SK7958 : Church of St Wilfrid, North Muskham

taken 4 years ago, near to North Muskham, Nottinghamshire, Great Britain

Church of St Wilfrid, North Muskham
Church of St Wilfrid, North Muskham
The medieval font bowl, now in use as a candle stand.
Church of St Wilfrid, North Muskham
The appearance of the church is fundamentally that of the late 15th and early 16th century, in Perpendicular style, as a result of enlargement by local landowning families. The nave, south aisle and upper stage of the tower date from around 1480, and the chancel and north aisle were rebuilt in c.1530 at the expense of J Barton of Holme.

However, there are still elements from earlier building dates. The north arcade dates from c.1190 and has possibly the oldest octagonal piers in Nottinghamshire. The tower arch is of similar style,and is likely to be contemporary. The upper stage of the tower is of the Decorated period, c.1350.

A prominent feature of the interior is the rood screen and loft. Although the loft and rood date from the 1906 restoration of the church, the screen itself includes a substantial amount of old timber, likely to date from the 16th century rebuilding. The original door to the rood loft stairs is still in place in the corner of the north aisle. The south aisle arcade is contemporary with the rebuilding of the aisle, i.e. c.1480, and the fine timber roof of the nave is of the same period. The chancel is notable for its set of Perpendicular style windows, two of 4 lights in each side wall and a 5-light east window.

Fitments of note include the restoration period font, inscribed with initials and the date 1662. An older font bowl also exists, currently in use as a candle stand. In the sanctuary there is an intriguing pyramidal monument to John Smithe, dated 1583. The faces of the pyramid are inscribed with the terms of the will of the deceased. Above it is a 15th century piscina with an unusual elliptical head.
The only remaining early glass is a collection of fragments in the east window of the south aisle. These include several representations of a barrel or 'tun', part of the rebus based on the Barton (Bear - tun) family name.

The church is Listed Grade I. For more details see LinkExternal link
Listed Buildings and Structures
Listed buildings and structures are officially designated as being of special architectural, historical or cultural significance. There are over half a million listed structures in the United Kingdom, covered by around 375,000 listings.
Listed status is more commonly associated with buildings or groups of buildings, however it can cover many other structures, including bridges, headstones, steps, ponds, monuments, walls, phone boxes, wrecks, parks, and heritage sites, and in more recent times a road crossing (Abbey Road) and graffiti art (Banksy 'Spy-booth') have been included.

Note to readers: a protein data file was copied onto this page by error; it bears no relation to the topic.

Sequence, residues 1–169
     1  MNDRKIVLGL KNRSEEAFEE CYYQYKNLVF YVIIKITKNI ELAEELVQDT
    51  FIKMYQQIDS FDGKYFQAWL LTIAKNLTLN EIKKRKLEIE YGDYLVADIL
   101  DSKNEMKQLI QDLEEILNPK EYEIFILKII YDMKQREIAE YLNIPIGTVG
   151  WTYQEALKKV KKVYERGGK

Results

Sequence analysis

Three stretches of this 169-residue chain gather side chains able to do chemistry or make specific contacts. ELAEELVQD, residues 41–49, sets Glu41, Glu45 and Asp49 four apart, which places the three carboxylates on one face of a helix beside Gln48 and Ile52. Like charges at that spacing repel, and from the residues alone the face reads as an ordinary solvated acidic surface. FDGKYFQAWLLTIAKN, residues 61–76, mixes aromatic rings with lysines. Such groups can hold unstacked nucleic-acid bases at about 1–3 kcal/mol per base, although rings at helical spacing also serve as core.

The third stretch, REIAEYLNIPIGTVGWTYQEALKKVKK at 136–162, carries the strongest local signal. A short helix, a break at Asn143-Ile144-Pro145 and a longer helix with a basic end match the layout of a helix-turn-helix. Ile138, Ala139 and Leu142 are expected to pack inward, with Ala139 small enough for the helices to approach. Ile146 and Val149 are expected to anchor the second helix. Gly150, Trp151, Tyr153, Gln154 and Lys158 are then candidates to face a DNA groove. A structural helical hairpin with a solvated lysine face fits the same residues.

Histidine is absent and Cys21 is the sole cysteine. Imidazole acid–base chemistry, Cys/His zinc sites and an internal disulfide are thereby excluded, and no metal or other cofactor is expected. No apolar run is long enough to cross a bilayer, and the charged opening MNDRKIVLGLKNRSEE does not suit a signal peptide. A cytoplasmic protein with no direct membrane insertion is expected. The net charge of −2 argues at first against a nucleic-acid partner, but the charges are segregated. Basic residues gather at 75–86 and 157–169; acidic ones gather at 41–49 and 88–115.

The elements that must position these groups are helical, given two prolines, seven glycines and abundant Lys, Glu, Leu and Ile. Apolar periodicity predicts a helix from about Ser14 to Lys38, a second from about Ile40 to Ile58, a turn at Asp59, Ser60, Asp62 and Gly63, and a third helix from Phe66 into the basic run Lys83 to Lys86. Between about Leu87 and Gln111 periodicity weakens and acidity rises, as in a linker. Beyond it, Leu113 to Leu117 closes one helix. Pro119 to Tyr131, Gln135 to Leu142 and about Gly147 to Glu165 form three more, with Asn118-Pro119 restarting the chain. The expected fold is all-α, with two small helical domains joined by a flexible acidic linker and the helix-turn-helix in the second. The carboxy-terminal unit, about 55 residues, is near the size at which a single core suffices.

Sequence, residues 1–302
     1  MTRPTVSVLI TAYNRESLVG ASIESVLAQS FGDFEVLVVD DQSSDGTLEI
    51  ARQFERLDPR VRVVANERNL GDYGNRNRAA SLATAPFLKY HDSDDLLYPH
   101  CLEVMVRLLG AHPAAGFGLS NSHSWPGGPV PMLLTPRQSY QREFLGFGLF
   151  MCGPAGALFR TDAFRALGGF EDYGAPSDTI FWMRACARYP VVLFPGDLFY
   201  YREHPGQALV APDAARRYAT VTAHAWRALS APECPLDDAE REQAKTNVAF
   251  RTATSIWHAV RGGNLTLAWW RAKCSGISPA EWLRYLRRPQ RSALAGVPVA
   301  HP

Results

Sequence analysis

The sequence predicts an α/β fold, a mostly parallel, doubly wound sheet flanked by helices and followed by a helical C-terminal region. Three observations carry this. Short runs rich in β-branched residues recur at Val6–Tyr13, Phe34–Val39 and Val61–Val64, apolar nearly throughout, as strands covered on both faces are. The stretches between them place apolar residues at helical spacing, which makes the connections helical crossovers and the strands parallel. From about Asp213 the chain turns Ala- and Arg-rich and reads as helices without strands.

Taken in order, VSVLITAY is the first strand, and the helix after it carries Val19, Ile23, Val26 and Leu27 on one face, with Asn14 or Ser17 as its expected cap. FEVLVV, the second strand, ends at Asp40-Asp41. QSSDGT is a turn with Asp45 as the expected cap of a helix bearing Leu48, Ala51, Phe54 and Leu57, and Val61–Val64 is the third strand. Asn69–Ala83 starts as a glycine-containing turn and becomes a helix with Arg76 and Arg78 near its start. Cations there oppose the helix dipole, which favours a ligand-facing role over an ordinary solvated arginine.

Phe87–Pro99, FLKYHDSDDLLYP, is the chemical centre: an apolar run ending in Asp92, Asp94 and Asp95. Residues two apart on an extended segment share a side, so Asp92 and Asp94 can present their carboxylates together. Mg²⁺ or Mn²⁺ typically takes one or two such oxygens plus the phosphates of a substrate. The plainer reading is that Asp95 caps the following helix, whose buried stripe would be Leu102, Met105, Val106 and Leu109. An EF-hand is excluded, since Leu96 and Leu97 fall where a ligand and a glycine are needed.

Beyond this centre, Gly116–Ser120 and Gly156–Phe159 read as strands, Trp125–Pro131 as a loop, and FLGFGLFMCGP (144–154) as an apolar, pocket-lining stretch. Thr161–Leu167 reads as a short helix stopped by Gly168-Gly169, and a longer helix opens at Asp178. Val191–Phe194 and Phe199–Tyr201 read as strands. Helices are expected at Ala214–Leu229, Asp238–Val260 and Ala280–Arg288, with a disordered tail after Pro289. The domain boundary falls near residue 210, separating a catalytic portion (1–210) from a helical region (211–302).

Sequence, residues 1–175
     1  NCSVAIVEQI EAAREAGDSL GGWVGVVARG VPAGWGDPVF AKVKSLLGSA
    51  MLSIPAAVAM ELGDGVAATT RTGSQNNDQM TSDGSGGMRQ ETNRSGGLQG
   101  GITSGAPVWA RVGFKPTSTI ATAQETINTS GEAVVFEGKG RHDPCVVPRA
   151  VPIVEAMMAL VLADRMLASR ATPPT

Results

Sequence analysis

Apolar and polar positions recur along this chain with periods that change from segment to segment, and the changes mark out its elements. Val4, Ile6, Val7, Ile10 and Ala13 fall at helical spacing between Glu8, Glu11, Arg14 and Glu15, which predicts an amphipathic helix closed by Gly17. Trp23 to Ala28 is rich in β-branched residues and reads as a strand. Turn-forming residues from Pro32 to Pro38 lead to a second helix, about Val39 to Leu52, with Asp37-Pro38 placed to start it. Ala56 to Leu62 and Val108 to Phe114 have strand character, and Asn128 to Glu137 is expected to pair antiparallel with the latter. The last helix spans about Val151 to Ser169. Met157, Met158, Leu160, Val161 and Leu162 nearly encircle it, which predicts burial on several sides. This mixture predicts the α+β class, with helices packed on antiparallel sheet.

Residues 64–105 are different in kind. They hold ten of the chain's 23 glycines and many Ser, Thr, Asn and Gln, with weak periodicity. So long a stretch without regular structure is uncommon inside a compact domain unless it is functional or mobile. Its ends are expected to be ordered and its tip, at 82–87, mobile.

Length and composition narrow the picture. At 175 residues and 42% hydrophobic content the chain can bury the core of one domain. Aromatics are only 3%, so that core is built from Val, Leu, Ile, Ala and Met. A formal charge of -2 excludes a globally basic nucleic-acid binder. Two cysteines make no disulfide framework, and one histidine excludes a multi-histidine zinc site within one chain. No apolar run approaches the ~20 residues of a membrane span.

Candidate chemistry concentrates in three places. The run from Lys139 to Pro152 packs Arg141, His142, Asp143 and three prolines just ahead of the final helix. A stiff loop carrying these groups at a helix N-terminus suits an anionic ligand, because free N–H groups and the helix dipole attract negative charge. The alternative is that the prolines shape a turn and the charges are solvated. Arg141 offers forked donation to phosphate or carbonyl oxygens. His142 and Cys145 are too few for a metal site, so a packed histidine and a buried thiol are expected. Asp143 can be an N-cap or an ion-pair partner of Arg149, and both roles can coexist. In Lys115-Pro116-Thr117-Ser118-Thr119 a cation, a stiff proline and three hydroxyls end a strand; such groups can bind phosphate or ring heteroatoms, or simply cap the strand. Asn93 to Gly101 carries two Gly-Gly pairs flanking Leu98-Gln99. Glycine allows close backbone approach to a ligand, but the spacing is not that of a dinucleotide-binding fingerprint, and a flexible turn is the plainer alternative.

In England and Wales there are three main listing designations;
Grade I (2.5%) - exceptional interest, sometimes considered to be internationally important.
Grade II* (5.5%) - particularly important buildings of more than special interest.
Grade II (92%) - nationally important and of special interest.

There are also locally listed structures (at the discretion of local authorities) using A, B and C designations.

In Scotland three classifications are also used but the criteria are different. There are around 47,500 Listed buildings.
Category A (8%)- generally equivalent to Grade I and II* in England and Wales
Category B (51%)- this appears generally to cover the ground of Grade II, recognising national importance.
Category C (41%)- buildings of local importance, probably with some overlap with English Grade II.

In Northern Ireland the criteria are similar to Scotland, but the classifications are:
Grade A (2.3%)
Grade B+ (4.7%)
Grade B (93%)

…read more at wikipedia LinkExternal link
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SK7958, 100 images   (more nearby )
Photographer
  (find more nearby)
Date Taken
Thursday, 24 July, 2014   (more nearby)
Submitted
Tuesday, 29 July, 2014
Geographical Context
Historic sites and artefacts  Village, Rural settlement  Religious sites 
Primary Subject of Photo
Church Detail 
Period (from Tags)
Medieval 
Subject Location
OSGB36: geotagged! SK 7982 5859 [10m precision]
WGS84: 53:7.1114N 0:48.5287W
Camera Location
OSGB36: geotagged! SK 7982 5859
View Direction
East-northeast (about 67 degrees)
Looking for a postcode? Try this pageExternal link
Clickable map
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Other Tags
Grade I Listed  Parish Church  Redundant Font  Candles 

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